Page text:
The purpose of this study is to find out what happens to patients after they have surgery for
rectal cancer. After being treated for rectal cancer, patients tell us that their bowel,
bladder and sexual function have changed. We are trying to understand how these changes
affect your quality of life. The research that we have now does not explain these changes or
problems very well. The patients will be asked questions about bowel function, bladder
function, sexual function, and quality of life so we can understand these changes better.
This will help us take better care of our patients in the future, before and after their
treatment for rectal cancer.
Rectal cancer is the second most common cancer in North America. Therapy has rapidly improved
over the last 20 years, and the surgical technique of total mesorectal excision, as well as
advances in radiation and chemotherapy, have resulted in improved survival and decreased
local recurrence. As a result, survivorship issues become increasingly important for patients
with rectal cancer.
Patients uniformly demonstrate a strong desire to avoid a permanent stoma and show strong
preferences for sphincter preserving surgery (SPS). With the introduction of the circular
stapler, SPS is technically possible in a higher proportion of patients. Additionally, even
tumors at the anorectal ring are considered amenable to SPS in select patients with ultra-low
At present, long-term outcomes after rectal cancer surgery are poorly understood. Bowel,
bladder and sexual function appear to be negatively affected by multi-modality therapy.
However, function has been poorly studied, and it is difficult to translate the data into
clinically meaningful information for patients. Clinically, bowel, bladder and sexual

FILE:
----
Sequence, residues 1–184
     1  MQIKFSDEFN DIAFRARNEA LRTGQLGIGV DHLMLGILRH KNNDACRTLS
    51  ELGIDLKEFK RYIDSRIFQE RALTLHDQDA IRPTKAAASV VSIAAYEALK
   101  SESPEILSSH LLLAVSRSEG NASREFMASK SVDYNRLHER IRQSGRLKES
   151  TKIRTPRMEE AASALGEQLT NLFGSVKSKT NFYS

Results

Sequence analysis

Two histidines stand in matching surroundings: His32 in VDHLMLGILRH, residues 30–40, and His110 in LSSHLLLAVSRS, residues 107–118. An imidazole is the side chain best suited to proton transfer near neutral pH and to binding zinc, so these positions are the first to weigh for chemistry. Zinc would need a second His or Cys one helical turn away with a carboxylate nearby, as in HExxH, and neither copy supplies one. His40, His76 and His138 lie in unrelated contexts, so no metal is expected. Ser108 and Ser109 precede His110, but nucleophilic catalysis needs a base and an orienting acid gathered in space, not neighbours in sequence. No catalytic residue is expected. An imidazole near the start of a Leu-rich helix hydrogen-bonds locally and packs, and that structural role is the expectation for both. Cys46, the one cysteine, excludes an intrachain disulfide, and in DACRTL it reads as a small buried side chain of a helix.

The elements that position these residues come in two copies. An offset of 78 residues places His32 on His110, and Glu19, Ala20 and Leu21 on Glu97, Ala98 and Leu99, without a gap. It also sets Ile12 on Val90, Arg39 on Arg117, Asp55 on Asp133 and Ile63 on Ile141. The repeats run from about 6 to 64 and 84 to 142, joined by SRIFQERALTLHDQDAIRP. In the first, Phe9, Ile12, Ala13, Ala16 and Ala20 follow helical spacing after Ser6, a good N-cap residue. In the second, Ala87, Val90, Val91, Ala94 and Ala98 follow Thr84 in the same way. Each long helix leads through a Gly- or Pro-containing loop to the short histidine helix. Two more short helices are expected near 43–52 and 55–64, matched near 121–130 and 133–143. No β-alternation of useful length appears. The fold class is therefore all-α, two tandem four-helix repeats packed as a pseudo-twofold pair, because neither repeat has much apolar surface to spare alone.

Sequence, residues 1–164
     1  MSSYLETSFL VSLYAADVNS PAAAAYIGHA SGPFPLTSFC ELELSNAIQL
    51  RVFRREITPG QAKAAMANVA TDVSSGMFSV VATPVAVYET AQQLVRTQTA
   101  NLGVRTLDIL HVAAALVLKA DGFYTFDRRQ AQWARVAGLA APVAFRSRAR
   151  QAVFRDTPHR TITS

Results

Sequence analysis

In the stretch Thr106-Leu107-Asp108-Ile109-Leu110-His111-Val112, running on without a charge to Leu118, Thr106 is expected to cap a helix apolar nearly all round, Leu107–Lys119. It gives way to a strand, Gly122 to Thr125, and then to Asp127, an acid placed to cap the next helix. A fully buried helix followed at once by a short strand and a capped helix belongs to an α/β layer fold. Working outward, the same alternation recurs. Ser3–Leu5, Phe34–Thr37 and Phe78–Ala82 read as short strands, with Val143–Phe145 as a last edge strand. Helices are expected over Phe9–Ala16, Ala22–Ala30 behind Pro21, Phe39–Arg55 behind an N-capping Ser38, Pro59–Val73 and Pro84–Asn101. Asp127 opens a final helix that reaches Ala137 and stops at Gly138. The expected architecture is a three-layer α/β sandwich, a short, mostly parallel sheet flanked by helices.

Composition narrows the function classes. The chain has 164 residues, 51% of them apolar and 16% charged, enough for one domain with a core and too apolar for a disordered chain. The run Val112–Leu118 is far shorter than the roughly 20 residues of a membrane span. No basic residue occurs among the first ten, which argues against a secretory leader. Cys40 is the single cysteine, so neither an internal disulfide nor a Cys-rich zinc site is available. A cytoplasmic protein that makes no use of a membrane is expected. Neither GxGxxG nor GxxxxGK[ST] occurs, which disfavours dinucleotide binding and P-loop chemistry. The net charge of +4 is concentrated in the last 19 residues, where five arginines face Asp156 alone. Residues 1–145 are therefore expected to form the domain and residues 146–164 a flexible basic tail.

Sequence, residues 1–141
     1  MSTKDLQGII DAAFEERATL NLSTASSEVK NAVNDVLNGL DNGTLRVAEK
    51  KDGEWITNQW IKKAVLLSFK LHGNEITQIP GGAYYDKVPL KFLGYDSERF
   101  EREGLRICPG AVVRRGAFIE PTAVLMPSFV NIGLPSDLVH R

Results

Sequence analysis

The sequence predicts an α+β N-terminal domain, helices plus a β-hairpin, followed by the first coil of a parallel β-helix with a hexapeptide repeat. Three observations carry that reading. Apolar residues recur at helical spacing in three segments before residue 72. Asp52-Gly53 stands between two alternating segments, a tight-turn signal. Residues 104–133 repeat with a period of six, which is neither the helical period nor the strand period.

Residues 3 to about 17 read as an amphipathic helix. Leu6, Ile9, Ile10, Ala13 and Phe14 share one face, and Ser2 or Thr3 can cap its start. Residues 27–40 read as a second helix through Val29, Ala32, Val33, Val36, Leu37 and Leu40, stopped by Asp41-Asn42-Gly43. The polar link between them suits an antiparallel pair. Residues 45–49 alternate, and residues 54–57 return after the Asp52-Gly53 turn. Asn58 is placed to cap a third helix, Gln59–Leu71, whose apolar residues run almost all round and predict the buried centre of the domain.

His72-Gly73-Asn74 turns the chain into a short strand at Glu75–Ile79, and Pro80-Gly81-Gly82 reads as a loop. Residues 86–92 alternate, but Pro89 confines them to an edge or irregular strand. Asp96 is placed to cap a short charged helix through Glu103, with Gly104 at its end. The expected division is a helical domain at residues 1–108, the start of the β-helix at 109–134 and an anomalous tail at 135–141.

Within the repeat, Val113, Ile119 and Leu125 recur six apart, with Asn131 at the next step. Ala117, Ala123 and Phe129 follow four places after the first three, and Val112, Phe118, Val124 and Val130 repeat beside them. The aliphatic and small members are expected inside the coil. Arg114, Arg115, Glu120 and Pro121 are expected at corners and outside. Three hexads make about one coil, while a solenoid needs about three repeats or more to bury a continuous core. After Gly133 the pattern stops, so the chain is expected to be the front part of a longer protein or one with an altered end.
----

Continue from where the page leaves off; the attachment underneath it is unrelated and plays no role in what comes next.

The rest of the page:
dysfunction seem to affect quality of life (QOL), although this has never been well studied.
It is important to quantify the extent of impairment so that it can be used to educate
patients preoperatively. However, translating these data to clinicians and patients remains
challenging, and efforts to convey the data in a meaningful manner preoperatively constitute
an important element in managing patient expectations. By understanding patients' baseline
needs, expectations and satisfaction at the time of the preoperative consent, we can begin to
develop novel preoperative strategies for educating patients about postoperative function and
quality of life in a meaningful manner, so that they may better adapt after surgery. We
ultimately plan to use data from this study to develop and subsequently evaluate the role of
an educational tool outlining functional outcomes after rectal cancer surgery.
- Stage I-III rectal adenocarcinoma based on preoperative testing
- Surgery (Sphincter preserving - transanal (TAE),transanal endoscopic microsurgery
(TEM), low anterior resection (LAR), coloanal resection (CAA), OR Permanent stoma -
abdominal perineal resection (APR)) planned at MSKCC
- Age > or = to 18
- Speak English
- Stage IV disease at time of pre-operative consult
- History of other malignancies (besides squamous cell or basal cell cancer of skin)
less than five years ago